by Adam Gold
It would be more than fair to call our coverage of "local" stoogely brothers Kings of Leon hyper-critical. We've nit-picked and exploited all of their transgressions, from their eating disorders to their bizarre group sex proclivities to their musings on Animal Collective and beyond. And while it would probably be best for us to move on, do like Top 40 radio and ignore these guys completely, sometimes it's just too hard to look away.
The Jan. 15 issue of NME is celebrating the 50th anniversary of Motown with a feature titled "10 Incredible Motown Tracks You Haven't Heard." Strangely enough, two of their choices are The Commodores' "Brick House" and Mary Wells' "You Beat Me To The Punch." Hardly rarities. That might be explained by their panel of pop stars, including none other than Caleb Followill, who selected cuts by Sam Cooke and Otis Redding. Having never recorded for Motown, both Cooke and Redding turned in their respective graves while Berry Gordy wept.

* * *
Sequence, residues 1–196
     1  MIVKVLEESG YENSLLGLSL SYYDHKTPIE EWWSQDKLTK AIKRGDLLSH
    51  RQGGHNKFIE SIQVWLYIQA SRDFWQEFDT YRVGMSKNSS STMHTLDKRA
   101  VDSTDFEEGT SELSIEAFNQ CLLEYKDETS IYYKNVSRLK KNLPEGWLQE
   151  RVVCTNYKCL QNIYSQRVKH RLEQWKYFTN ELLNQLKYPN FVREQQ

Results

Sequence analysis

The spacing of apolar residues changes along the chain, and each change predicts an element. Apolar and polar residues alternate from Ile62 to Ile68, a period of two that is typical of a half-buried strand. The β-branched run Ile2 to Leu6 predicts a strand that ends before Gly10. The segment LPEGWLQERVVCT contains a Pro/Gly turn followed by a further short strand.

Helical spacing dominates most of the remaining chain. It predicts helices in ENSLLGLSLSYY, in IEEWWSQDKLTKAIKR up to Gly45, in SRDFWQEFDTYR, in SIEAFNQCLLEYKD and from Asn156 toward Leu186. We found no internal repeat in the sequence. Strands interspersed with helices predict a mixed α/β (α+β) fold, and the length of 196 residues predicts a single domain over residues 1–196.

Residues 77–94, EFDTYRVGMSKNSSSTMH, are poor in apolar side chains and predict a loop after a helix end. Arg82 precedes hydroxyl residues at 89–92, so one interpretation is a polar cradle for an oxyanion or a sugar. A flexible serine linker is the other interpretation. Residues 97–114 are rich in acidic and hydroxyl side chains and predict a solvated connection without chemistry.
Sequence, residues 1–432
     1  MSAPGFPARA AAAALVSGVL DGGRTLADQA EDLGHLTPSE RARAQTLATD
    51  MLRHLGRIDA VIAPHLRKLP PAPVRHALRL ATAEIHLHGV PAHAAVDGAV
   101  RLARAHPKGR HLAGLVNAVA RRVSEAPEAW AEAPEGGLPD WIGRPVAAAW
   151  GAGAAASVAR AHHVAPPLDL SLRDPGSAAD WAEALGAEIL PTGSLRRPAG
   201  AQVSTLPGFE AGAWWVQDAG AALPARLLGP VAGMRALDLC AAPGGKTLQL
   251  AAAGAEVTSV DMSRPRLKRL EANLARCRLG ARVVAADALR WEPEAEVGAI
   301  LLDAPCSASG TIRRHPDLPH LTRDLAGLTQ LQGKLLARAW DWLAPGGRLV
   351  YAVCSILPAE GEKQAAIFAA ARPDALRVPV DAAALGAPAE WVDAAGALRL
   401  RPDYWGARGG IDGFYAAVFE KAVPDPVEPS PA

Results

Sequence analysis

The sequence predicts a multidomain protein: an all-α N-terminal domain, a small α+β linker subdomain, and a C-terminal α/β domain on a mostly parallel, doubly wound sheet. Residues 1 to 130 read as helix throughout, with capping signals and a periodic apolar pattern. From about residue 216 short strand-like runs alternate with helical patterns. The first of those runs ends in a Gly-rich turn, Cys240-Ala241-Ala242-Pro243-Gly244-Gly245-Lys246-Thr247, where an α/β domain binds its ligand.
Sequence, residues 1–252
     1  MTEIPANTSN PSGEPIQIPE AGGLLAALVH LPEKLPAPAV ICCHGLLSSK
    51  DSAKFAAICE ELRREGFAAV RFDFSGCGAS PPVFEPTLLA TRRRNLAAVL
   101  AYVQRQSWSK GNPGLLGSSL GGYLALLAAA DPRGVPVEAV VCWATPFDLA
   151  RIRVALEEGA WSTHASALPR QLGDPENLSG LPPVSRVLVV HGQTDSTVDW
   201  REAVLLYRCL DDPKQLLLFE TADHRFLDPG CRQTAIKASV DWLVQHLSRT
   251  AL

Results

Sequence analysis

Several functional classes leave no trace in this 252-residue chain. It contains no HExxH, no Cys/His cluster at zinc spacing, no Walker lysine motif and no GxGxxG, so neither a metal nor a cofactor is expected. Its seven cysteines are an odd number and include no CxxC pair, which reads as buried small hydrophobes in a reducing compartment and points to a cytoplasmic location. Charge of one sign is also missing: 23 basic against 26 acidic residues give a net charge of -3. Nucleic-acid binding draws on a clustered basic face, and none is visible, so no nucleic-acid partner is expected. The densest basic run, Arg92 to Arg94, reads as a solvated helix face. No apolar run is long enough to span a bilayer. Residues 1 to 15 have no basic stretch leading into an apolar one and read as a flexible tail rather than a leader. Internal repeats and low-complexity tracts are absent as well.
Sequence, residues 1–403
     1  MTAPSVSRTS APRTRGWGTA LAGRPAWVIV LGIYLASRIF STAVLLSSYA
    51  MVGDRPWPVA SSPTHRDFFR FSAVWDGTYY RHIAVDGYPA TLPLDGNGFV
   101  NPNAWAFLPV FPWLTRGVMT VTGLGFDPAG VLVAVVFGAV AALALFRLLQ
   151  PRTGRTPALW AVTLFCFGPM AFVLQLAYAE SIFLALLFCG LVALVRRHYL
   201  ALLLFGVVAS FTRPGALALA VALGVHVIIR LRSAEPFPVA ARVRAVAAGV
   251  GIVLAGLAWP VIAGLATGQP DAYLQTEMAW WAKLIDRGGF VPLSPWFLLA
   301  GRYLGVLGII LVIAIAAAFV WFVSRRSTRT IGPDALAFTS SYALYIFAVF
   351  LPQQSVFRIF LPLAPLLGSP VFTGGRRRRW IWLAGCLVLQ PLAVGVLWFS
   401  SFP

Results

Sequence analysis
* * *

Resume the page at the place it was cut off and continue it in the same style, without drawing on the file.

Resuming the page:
I'd say as a general rule, if you don't know the difference between Northern and Southern soul, shut the fuck up and abstain from weighing in on the subject. Lately, I've been trying to wean myself off of using the term "fail," but I'm forced to make an exception for this one. Ultimate. FAIL. NME are partially to blame here as well. Why are they asking a Followill about Motown? That's like asking Dean Koontz what his favorite Salinger novel is. Perhaps next time they interview Caleb Followill they should stick to questions like, "Who's your favorite Strokes member?" or "Which of your brothers has the biggest cock?" Keep him in his element, ya know?
Anyway, despite our constant attempts at character assassination and their inability to have a single chart above #56 in the US, KOL seem to be doing just fine. They bring their caravan of ineptitude to Madison Square Garden--which they will be surprised to find is in New York, not Madison--on Jan. 29.